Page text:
-I'-1 - L. 8 EAST I-IIGI-I.SCHO0L loughby, and for a few minutes he hoped that he was going at least to finish in peace. Vain hope! As he approached the heart of the city he saw a crowd of people and heard the strains of a brass band. On turning the corner he was received with a great shout. Then he saw a. sight that explained it all. ' In front of the town hall a float had been drawn up. In it were a delegation of Jones'.friends and a band. Bill Bailey was standing shouting on all sides to the people of the village, 'announcing his ar- rival. What sort of a fool circus are you trying to make of yourselves? asked Jones. A grand one, old man, and you have been the elephant, the shining star of the whole show. replied Bailey. You will find lemonade in the ambulance. You have won your money hand- somely. Jones. acknowledged Ryan, and we all accept with pleasure your kind 1IlV1l31lZ1O1'1 to dinner. GOING OVER THERE. By Elizabeth Harrold. ' It was down at the old Hamburg-Arnen ican pier in Hoboken. The Kron Prinz Friedrich Vtlilhelm lay at her berth with her rusty iron sides towering above the freight houses. The Kron-Prinz, until recently serving the Huns, was now to do her bit for Uncle Sam. Drays rattled to and fro over the rough cobblestones, gang bosses, big rough men, were calling their orders, and the huge derrick booms fore and aft, were reach- ing out and grabbing up great boxes and sending them soaring skyward with a. grating and squeaking of the blocks, and then dropping them with a dull thud and a cloud of iron rust into the hold. Swarms of dingy, sweating negroes kept up a thundering din rolling in barrels and running up the gang-planks with hand- trucks loaded with boxes and disappear- ing into the bowels of the vessel. They were all a roarin' away, De las' box, de las' box. ' She was an inspiringsiglit as she lay there in the hazy atmosphere with the thick black smoke rolling slowly out of her stacks, and way up high on her after mast her riding light twinkling now wand then through the dusk. The derricks stopped squeaking, and the last of the sweating negroes came tumbling out of the boat. Dangi Dang, the live minute warning signal sounded, and members of the crew came straggling aboard with their belongings tucked under their arms. , Dangl An oiflcer on the stern bridge called out, Cast off those stern lines. A single deep 110tB on the siren. The little tug on the stern started churning up the water and it rushed past the rusty plates of the big steamer in a miniature rapid. C-how,-chow,-chow, a myriad of sparks Went fiying up and came down all over the surface of the water, winked and were gone. The great ship slipped out into the river, straightened herself, and went swinging past out of sight. The ship was clipping along at a good rate, her decks rose and fell steadily. The last of Long Island was being swal- lowed up in the gathering gloom, and a low riding steamer, very indistinct, was plowing along inward bound. She went swishing past and the gloom seemed to be thicker and glooinier where she was with a few twinkling lights scattered in it

Page 12 text:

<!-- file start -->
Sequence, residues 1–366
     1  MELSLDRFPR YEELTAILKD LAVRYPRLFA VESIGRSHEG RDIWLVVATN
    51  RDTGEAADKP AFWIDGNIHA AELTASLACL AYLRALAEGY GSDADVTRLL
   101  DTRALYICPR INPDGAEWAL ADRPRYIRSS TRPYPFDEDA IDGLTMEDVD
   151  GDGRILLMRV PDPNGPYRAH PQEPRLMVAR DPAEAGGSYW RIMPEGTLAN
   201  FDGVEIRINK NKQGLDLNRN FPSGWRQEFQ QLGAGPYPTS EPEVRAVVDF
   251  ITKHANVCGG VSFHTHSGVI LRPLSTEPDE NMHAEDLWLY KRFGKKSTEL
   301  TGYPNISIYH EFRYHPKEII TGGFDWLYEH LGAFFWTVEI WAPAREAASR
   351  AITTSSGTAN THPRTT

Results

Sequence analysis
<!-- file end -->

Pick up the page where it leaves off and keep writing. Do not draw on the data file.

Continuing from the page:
im, 10 EAST HIGH SCHOOL The last of the pile splashed into the seaf Bang! Every man went Hat like buckwheat before a storm. The ship rolled heavily. The sea was strewn with splintered wood. John, said the captain, we're all mighty thankful to you. Well, I wish I were home, John re- marked. , A CHANGE IN LUCK. By Earl W. Tite. ' Shorty Lewis is through, and I don't blame him. I say that when a man gets uncertain about death and taxes, it's time to hunt the way out, and that 's what Shorty has done. They 's some fellows as can roll a dol- lar down the street and it will come rollin' back with five or six more little iron men. Not so with Shorty. If Shorty was to bet it would snow in Alaska next winter, men would drop dead from the heat on Janu- ary first in Nome. Why, with Shorty's luck, John D. could lose his pile in twenty minutes, matching pennies. I dropped into the Tonsorial Arcade about a month ago, and there sat the usually smiling Shorty with his lower lip hanging down like a catcheris chest pro- tector. He that usually was so smiley was a life size picture of Gloomy Gus. The Arcade is across from our news- paper office. Sam Black, the owner, de- pends on the boys from the ofdce for his trade, and in turn offers a convenient hang-out. A . 'Shorty is the star barber of the place, and when he ain't pushing some feller's whiskers back in his face he 's tendin' the pool table or pushin' dried, rope over the counter in the back part of the shack. Outside o' that Shorty's as busy as an undertaker in a cannibal settlement. No woman never fought to prepare three squares a day for Shorty, so Shorty donated his money to chance. He played the worst game of poker I ever see, he was unlucky at craps, and if he 'bet on a horse, the old harness-rack would pull a Russian retreat on the home stretch. How- ever, Shorty managed to wear a face as bright as a Mexican's shirt with all his natural hard luck. Trouble', wasn't part of Shorty 's vocabulary, and that is why his gloom was so noticeable. Shorty said he was sick, but when I said I guessed the pain was mostly in his pocket-book, he admitted it. He said l16,d got to the' point where a dollar was something like a ghost, a thing you could see but not feel. Upon inquiry he said he hadn't been robbed. No, he said, I sat into a poker game with them eggs in th' press room once too many times. Since I been puddlin' in that game, I been broke more times 'n your speed laws. Last night was the end of the world. I was Belgium and them six guys was Germany. Say, with their luck I could sell submarines to the Swiss government. 'N now I'm in debt, too. ' We was still figgerin' how we could pull him out of that hole when in comes Eddy Blake, with excitement stickin' out on him like tags on a ten dollar suit. After some hemmin' and stallin' We found out that he had a sure tip on Non- skid. Eddy and his sure thing didn't create much of a stir at Hrst, but after awhile-we started to listen to his ceaseless chatter. It seemed that the book-makers were oiering about fifteen to one odds,